A view on Fishing,Community and Life on the NW coast of Scotland

Mr Chisholm Accompanies One

Walking back from the Inn on a dark and damp Friday night, I realised that distance and time can be measured in music, especially if you are listening to one of the Duncan Chisholm Trilogy. In this case it was Affric, An Ribhinn Donn get you under way, followed by the cascading Big Archie and before you know it before Night in That Land comes on. It was a perfect way to come home after a very, very enjoyable evening.

The lead up to the show earlier could have been more relaxed as it has turned out to be a very busy week. A gentle start as still recovering from the lurgie on Monday but was out in the evening, initially at the Inn, but ended up at the Community Hall, for a meeting about Out of Hours in Applecross. Only being lightly involved in local politics and finding that hard enough I do not envy those at either Highland or National level. In this case we heard how times have changed and we no longer have as good a supply of GPs as we would like and those new do not have the 24/7 commitment to coverage that those in the past had in the Dr Findlay’s days. Mind you there is probably less alcoholism now as in the old days. We can consider ourselves so very fortunate in our current Situation. Even the managers were suggesting we have as good a service as any where round the Highlands. But Doctors need time off and the cover is going to be still locum but is also going to be a mix of paramedics and nurse practitioners. This has already happened and there seems to be little concerns in the community. The ambulance service were also present and first responders are back on the menu. We were going down this route before but was stalled due to an unresponsive SAS, but that has now been solved and the Health Care Assoc is going to take this on. The defribs are now in town and hope to be in position in the next month or so. Being Applecross it is not one or two but six are going t be installed round the Community, monies all raised within the Community itself. Certainly impressed the managers.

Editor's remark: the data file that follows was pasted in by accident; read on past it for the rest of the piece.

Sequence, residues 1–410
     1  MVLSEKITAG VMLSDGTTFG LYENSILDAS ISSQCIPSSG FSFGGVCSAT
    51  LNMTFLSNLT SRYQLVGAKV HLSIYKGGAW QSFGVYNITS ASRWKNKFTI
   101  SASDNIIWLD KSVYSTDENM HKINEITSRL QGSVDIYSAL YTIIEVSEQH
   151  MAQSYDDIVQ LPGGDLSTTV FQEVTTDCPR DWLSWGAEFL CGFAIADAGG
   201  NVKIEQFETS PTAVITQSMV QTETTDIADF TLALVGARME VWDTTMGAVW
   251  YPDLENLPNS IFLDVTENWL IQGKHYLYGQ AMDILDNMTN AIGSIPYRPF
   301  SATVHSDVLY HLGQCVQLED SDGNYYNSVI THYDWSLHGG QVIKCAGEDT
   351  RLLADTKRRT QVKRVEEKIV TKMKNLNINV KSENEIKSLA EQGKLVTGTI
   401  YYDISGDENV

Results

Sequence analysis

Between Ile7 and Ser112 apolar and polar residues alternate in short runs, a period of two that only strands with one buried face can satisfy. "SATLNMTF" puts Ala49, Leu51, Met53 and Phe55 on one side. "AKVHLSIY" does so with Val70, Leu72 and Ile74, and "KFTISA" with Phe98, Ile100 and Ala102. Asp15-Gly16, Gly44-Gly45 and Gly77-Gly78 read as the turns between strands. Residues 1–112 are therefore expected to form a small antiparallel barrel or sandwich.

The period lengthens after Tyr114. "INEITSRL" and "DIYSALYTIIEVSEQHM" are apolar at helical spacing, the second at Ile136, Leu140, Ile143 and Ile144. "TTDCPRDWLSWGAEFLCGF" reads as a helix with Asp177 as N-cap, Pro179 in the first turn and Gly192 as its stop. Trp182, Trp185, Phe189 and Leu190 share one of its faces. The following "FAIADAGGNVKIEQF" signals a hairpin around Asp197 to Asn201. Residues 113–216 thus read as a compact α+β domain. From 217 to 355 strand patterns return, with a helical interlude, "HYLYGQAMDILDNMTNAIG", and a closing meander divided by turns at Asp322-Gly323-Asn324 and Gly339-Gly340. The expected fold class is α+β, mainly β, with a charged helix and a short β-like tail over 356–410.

Tuesday saw the CC meeting take place, constructive and frustrating at the same time. Knowing we have little powers and can only keep telling the authorities about the state of the Bealach. However there does seem to be a bit of action, partly as a result of photos of the deterioration of the road that we send in. Newspapers are always looking for angles on the NC500 and when you talk to a journalist giving two sides you leave yourself wide open to editing, but it turned out to be fairly balanced. Some people on the following Facebook steam say exactly the opposite of what you want to put across. Everyone, in my view is welcome, but it is going to put an undoubted strain on our infrastructure. Many communities would wish our problems

Wednesday and my fishing career has restarted.

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I had been out to the Varuna on Tuesday afternoon to link up my new batteries and fire her up for the first time this year. Bit suspicious that I have a dead cell in the system so isolate the lighting bank as a reserve. The batteries are new because of one of those little mishaps, perfectly avoidable, but happen anyway and end up with you poorer and with a sore head from hitting it against a wall. Had two ashore, fully charged and back in the van when I was asked to nip over the Hill to pick up a couple of Internet boys from the train. Remembered the batteries in the back, the slidey floor and the insecure back door. The van is not quite a Teuchter wagon but is heading there. I actually stopped, but the hand brake never held so went round the next bend. Big mistake as two £100 batteries shot out the back door and lay smashed on the Bealach. Did not stop hitting the steering wheel until after Kishorn. Fishing went surprisingly well with only one out of the five fouled up. I have realised this week how much I have missed the sea with all its magic,